Eat Street's Kung Fu Noodle offers a relaxed take on ramen

The ramen is quite good.

The ramen is quite good.

Currently our most craveworthy hotspot, Ramen Kazama has been getting all the hype and long lines it deserves.

But what about when you just can't wait? Or when you need ramen for takeout (Ramen Kazama doesn't offer it), or when you need ramen for lunch (Ramen Kazama only serves at dinner)? 

Check out Kung Fu Noodle. 

The space is enormous — much too big for its own good — and the impersonal feel alone could work against it. Where Ramen Kazama is tight and intimate and feels cheerfully crowded at all times, this place is about as intimate as an airplane hangar. They'd be wise to cut the size of the room in half. Barring that fix, think of Kung Fu as a quick and simple lunchtime spot, or for takeout, as ambiance is not its strong suit. 

But we found the char siu (spicy roasted pork) ramen to be delightful — rich broth, copious al dente noodles, a big dollop of chile sauce for yet more spice, bean sprouts, bamboo, scallion, and the signature soft egg. Served in an attractive ceramic bowl with big, dramatic spoons, it beats a tuna fish sandwich for lunch. Prices are fair, if not cheap, at $11.95 per bowl, and extras of all the components (noodles, broth, spicy sauce, etc.,) can be had for $.50 to $2.50 apiece. We'd order it again. 

You've had chow mein, that Chinese-American favorite beloved by most of middle America; that glossy, corn-starchy binder for celery and noodles as crisp as breakfast cereal all served over rice. But have you had Chao Mian, the progenitor of that dish? They've got it at Kung Fu.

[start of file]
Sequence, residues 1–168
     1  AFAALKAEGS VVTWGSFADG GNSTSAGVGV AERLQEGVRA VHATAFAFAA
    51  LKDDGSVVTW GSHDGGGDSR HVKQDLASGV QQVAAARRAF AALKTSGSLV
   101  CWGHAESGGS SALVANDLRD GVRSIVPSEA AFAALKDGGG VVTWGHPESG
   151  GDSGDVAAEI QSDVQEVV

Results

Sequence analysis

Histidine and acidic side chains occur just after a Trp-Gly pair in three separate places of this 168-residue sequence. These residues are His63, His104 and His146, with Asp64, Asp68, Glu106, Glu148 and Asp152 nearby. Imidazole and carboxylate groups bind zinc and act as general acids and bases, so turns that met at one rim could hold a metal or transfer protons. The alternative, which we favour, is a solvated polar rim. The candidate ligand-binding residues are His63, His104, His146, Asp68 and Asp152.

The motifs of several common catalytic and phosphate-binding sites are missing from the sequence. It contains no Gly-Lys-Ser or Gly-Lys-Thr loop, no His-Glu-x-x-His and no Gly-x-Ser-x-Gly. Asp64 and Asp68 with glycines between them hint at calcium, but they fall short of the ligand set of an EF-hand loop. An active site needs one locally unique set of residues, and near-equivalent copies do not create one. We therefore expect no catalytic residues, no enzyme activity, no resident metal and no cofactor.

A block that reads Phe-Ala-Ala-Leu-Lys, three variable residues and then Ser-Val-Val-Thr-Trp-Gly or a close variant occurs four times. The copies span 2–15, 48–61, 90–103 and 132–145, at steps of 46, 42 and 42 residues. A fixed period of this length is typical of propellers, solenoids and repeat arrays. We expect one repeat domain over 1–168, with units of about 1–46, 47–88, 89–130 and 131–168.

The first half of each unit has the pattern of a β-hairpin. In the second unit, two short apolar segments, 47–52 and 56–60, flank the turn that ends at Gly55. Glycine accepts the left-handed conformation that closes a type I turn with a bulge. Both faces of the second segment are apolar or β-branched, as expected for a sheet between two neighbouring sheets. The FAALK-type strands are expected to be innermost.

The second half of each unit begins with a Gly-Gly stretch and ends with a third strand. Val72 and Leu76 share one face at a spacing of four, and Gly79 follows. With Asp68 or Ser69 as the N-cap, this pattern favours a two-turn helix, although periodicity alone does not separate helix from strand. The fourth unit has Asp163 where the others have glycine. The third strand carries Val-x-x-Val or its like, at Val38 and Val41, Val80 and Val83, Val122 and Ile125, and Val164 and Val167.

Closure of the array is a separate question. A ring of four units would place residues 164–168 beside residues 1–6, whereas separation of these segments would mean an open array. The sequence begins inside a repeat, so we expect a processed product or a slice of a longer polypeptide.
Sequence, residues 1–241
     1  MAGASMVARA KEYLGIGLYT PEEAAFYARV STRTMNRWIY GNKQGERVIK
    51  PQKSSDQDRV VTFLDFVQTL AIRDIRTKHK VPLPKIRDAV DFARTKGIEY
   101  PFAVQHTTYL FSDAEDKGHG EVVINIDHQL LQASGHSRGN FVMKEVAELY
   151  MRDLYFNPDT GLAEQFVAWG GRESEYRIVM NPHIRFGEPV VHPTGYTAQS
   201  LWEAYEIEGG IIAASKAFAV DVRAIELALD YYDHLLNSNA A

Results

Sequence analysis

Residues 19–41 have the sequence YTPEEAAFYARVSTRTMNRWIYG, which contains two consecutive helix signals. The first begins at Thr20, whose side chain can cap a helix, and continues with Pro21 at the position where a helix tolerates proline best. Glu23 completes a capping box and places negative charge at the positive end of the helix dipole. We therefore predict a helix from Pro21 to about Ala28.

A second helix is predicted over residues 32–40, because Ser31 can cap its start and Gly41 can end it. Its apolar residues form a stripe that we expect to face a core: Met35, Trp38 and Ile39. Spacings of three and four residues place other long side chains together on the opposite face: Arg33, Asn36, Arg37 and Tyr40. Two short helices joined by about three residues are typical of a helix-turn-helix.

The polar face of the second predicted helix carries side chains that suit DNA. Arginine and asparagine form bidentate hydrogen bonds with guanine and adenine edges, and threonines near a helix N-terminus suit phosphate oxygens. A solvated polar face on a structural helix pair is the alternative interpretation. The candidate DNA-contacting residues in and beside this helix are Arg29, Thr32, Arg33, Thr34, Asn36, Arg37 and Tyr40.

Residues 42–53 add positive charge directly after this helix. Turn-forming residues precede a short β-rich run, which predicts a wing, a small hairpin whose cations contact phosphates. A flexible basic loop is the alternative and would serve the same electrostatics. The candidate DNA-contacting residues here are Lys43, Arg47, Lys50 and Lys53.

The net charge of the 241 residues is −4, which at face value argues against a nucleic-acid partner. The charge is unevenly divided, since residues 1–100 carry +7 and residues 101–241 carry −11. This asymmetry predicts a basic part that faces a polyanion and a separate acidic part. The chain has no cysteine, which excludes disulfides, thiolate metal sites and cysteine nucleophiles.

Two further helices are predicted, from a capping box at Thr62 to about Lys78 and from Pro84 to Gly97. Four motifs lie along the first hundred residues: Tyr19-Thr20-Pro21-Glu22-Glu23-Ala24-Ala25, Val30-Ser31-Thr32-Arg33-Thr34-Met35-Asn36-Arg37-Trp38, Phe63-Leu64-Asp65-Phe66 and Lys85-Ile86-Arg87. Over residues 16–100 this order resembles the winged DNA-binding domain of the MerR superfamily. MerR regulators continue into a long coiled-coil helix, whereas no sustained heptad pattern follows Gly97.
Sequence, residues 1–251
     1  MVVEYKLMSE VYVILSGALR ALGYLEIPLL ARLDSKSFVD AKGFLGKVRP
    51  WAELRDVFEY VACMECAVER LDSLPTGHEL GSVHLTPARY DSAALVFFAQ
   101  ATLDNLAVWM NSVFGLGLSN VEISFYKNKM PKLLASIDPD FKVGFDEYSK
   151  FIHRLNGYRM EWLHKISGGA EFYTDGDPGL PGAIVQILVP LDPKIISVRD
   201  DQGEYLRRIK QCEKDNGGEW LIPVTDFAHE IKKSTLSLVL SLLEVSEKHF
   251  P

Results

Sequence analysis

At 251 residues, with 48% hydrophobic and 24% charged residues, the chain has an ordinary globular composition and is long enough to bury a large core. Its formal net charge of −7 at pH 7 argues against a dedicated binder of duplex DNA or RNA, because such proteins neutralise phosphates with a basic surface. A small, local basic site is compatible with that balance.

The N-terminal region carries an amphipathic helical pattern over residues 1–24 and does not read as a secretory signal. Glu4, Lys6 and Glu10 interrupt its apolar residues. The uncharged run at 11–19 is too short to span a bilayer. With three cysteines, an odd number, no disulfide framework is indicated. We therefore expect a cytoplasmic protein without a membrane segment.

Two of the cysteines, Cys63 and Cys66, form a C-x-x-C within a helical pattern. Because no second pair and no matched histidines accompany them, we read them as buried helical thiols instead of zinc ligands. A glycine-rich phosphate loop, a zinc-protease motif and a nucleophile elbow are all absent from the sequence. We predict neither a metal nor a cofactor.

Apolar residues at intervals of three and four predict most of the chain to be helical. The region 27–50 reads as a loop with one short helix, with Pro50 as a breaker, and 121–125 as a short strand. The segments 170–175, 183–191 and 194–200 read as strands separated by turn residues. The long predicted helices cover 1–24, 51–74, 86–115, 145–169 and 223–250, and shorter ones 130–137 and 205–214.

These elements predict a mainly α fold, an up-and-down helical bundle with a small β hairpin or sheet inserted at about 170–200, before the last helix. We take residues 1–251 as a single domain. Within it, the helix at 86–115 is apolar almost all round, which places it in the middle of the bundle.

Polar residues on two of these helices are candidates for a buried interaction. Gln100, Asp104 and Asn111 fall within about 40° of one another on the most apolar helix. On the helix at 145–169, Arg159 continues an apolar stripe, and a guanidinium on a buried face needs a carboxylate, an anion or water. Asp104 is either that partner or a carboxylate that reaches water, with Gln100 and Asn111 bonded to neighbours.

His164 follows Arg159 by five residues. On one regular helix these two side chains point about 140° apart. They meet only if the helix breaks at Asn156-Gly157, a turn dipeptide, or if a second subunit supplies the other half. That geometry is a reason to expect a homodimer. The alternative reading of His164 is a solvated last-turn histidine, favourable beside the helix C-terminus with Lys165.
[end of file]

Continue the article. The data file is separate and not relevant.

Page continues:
Intimate as an airplane hangar, with strange propeller light fixture to match.

Intimate as an airplane hangar, with strange propeller light fixture to match.

Stir-fried noodles tossed quickly with soy sauce, veggies, and your choice of protein is a weekday dish that could easily become a habit. Our seafood version arrived with generous portions of real seafood — shrimp, mussels, squid, and imitation crab (well, mostly real seafood) — and was a breezy way to hoover in some noodles. It's about as enjoyable as brick ramen in front of the T.V., which is to say quite enjoyable. 

Steamed buns with char siu pork and Kewpie mayo were on point technically, if a bit of a mess visually. Despite the overwhelming ratio of bun to filling, they were clearly handmade, so we can't knock them for being more brains than beauty. On the plate, a bit of a wreck; on the palate, just fine. 

We'd recommend ordering a side of the powerfully addictive kimchee to enliven just about anything you're eating. 

While Kung Fu is promising "authentic Japanese noodle," it would be wiser to view this as an easygoing pan-Asian mashup that's better than, say, P.F. Chang's, but not on the level of Zen Box, Ramen Kazama, or Tanpopo.

Bomb into Kung Fu on a Sunday with a bunch of friends, and order up some sake on tap, 'cause they got that, too. Toss a bunch of stuff on the table and share. Or get in on some fast, easy, and cheap takeout when Netflix and your fat pants are beckoning. 

It isn't elegant, it isn't authentic, and that's okay. It's likable. So just relax and eat some noodles. 

Kung Fu Noodle

2710 Nicollet Ave., Minneapolis